Third, make sure your villain grows out of the soil of your story. Don’t bring her marching in and commence smashing the china because you, the author, need conflict to feed the action. Protagonist Molly Tanner’s involvement in the Chasing Amanda dilemma grows out of her psychological needs as well as out of events in her recent past. Without those elements, she’d have likely been as oblivious to the story’s surrounding events as everyone else in town, and the underground mystery would never have been uncovered. Similarly, Serena lands in the middle of the battle to create Smoky Mountains National Park because of her character, not just because Ron Rash decided it would be interesting to put her there.
Finally, don’t let your villains out of your readers’ sight. They’re the main source of your story’s dramatic tension, and even in the middle of a heroine’s love scene on a balmy summer’s day, a threat needs to lurk offstage, even if your protagonist is totally unaware. That doesn’t mean we need to hear the wolf growling and slobbering in the woods as in a grade C horror flick. It does mean that we need reminders, hints, that something evil this way comes. Or will soon. Or at least might.
Many have said that the devil is the most interesting character in Milton’s Paradise Lost. So must your villain be—whatever category to which he/she belongs—or you have a Disney story in which nothing truly bad ever happens to anyone. In other words, no story at all.
The Second Vendetta Synopsis:
It’s taken Andy Maxwell two summers—1908-1910—to help his family recover from the effects of the murderous attack on them and their Sierra Nevada Ranch. That vendetta nearly killed his mother, severely damaged barn, house, and livestock, and exhumed some long-buried family secrets—including the fact that his father was black. He’s had to alter his whole notion of who he is and where he came from. But now that he’s Shanghaied the vendetta’s perpetrator, nursed his mother back to health, and got the ranch operating again, he thinks he can return to grad school and pursue his history doctorate in peace.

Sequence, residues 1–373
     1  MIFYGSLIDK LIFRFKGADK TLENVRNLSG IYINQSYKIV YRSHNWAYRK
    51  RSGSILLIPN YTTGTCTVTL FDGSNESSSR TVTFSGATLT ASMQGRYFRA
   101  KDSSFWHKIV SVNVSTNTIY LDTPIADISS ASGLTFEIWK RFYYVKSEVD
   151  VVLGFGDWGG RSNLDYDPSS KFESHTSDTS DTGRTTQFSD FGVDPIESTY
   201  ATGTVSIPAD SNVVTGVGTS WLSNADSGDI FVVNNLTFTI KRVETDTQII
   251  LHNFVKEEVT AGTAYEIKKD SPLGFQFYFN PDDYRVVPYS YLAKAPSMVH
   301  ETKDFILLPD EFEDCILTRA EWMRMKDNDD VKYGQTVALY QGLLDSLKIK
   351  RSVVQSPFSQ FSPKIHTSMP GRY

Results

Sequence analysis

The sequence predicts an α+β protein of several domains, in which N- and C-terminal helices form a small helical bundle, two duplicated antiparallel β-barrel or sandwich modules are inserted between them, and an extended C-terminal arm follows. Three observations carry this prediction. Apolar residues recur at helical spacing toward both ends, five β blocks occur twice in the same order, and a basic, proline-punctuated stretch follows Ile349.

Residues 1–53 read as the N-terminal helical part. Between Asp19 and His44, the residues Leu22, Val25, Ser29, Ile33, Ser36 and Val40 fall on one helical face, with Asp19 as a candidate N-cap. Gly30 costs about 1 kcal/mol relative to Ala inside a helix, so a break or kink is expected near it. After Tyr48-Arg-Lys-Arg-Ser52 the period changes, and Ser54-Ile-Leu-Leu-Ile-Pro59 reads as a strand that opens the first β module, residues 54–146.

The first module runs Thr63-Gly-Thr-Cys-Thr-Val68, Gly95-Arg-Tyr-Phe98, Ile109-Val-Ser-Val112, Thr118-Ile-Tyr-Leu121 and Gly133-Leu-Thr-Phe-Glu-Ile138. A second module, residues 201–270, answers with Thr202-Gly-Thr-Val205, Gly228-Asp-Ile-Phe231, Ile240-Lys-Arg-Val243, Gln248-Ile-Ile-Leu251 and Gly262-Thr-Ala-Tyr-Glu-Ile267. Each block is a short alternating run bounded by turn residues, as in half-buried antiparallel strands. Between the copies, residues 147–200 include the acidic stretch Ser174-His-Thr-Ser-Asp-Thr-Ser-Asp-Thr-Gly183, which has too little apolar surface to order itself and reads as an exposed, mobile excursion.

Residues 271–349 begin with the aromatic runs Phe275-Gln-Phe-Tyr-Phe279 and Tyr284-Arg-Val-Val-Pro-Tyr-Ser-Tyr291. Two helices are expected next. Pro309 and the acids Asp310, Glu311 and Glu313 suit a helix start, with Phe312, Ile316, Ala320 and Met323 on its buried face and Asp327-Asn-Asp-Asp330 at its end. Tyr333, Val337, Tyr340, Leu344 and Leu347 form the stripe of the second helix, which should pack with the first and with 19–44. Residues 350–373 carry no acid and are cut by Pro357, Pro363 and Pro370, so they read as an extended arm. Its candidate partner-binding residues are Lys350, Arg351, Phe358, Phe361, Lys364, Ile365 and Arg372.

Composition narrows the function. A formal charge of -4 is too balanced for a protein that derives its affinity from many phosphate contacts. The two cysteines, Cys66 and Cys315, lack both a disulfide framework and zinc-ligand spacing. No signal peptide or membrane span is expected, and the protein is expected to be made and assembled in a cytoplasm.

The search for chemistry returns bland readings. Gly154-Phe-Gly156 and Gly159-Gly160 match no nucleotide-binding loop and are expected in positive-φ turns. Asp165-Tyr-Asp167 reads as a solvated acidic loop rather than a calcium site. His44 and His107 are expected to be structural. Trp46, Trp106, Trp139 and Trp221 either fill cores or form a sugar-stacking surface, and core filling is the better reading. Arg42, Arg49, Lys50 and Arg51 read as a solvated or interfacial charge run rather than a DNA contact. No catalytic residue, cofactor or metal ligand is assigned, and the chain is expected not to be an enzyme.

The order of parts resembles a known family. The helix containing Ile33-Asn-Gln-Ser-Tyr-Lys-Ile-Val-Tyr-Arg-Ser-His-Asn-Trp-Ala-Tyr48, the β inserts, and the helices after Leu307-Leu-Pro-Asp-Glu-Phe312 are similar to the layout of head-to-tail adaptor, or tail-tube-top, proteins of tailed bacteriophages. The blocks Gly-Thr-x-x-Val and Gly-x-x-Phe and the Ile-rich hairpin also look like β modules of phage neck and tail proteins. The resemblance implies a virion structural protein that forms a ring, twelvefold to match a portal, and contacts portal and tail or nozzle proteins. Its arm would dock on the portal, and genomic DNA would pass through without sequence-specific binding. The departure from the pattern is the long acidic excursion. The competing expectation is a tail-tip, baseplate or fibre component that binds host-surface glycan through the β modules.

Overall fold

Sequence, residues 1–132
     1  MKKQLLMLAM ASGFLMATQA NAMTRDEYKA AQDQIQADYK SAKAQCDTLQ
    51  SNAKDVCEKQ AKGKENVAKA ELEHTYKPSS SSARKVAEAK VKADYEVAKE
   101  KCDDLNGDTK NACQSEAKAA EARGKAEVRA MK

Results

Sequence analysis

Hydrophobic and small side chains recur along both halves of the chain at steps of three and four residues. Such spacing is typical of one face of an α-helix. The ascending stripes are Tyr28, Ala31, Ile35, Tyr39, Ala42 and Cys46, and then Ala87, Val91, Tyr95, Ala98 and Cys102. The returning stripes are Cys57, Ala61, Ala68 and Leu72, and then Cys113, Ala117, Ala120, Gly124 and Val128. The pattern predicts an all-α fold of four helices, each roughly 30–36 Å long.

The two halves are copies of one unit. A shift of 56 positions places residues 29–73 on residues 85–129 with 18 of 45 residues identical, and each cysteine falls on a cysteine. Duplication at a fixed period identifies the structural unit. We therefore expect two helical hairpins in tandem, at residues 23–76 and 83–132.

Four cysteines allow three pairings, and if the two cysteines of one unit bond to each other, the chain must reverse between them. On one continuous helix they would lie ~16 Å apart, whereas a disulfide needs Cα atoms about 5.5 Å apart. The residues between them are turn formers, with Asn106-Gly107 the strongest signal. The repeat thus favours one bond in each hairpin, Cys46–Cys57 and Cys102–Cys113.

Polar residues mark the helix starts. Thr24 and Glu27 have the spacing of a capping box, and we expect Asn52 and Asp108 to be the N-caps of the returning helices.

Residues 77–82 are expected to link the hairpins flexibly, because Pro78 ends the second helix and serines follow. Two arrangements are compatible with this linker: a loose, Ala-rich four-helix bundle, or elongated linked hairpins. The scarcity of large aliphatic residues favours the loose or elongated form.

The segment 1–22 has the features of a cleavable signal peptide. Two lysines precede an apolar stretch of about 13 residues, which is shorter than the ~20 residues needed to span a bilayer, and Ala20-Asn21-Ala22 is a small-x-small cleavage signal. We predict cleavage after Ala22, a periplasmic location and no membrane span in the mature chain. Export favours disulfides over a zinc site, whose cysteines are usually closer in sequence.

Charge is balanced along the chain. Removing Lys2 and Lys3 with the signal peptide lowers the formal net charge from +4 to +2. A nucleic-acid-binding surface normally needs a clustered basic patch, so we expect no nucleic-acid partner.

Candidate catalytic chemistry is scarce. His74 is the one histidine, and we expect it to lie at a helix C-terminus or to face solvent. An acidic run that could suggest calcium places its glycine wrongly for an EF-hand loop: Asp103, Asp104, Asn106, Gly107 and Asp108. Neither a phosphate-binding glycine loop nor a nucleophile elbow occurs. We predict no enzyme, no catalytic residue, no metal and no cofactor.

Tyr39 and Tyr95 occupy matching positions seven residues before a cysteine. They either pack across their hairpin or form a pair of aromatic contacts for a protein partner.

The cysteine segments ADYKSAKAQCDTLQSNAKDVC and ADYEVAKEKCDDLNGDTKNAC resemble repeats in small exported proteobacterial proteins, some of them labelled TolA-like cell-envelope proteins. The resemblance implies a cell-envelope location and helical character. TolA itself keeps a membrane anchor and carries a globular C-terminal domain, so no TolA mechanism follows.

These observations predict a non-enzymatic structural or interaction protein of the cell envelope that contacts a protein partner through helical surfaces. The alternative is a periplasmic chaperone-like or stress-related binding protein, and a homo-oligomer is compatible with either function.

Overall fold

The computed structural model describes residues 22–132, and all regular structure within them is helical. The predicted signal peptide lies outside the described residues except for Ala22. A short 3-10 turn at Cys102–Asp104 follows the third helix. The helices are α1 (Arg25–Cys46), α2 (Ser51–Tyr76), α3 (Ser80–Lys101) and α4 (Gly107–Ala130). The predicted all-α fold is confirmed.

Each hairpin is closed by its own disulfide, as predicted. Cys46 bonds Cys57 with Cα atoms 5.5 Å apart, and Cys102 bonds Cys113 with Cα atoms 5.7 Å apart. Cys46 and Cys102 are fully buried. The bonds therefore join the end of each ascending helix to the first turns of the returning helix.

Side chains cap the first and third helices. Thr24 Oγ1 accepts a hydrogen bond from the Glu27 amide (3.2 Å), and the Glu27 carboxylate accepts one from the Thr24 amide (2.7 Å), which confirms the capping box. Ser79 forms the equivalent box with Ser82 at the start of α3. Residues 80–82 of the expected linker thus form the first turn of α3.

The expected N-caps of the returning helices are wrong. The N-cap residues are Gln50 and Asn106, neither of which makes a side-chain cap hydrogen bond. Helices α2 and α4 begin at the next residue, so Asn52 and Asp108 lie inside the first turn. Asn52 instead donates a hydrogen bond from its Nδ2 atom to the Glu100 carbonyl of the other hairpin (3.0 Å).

First of all, it turns out they don’t want a miscegenated mongrel in the University of California doctorate program. Just when he’s enlisted the eminent San Francisco journalist, Ambrose Bierce, to help him attack that problem, it turns out that the murderer’s Shanghai arrangement didn't stick. Michael Yellow Squirrel has returned for another try at eliminating every last Maxwell on earth. So much for school. Andy’s back to defending himself and his family against a savage and formidable enemy.
And then there’s the election.
Hiram Johnson is running as a reformer for California governor against the railroad barons and needs a Republican Assembly candidate from Andy’s district to replace the recently-deceased incumbent. Time is short. Andy’s a prominent rancher with name recognition among the local voters, and Johnson wants him on the ticket, but why would Andy make himself an easy target for his nemesis? The answer? The promise of a post-election appointment to the university board of regents where he could influence the policy that bars him from his dream of a place among the academics.
And then there are the women.
Andy’s just revived the relationship with the love of his life, the debutante daughter of a prominent, if corrupt, state senator, and that’s going pretty well. But an Arapaho princess he thought he’d left behind two years ago suddenly returns to threaten the new version of his old love.
So, Andy Maxwell, how are you going to deal with all these quandaries? My historical thriller, The Second Vendetta answers that question and many more with a tale-telling style that pulls readers into the book and doesn’t let them go till they’ve turned the last page, wishing there were more yet to turn.
Biography—Carl R. Brush
Carl Brush has been writing since he could write, which is quite a long time now.
His historical thriller, The Second Vendetta has just been released by Solstice publishing, and a prequel, The Maxwell Vendetta is scheduled for release by Solstice in early 2013.
Journals in which his work has appeared include The Summerset Review, Right Hand Pointing, Blazevox, Storyglossia, Feathertale, and The Kiss Machine. He has participated in the Napa Valley Writers’ Conference, the Squaw Valley Community of Writers, the Sewanee Writers’ Conference, and the Tin House Writers’ Workshop.
Carl lives with his wife in Oakland, California, where he enjoys the blessings of nearby children and grandchildren.
Solstice Publishing: http://bit.ly/P31bYQ
BARNES AND NOBLE http://bit.ly/VyrvgU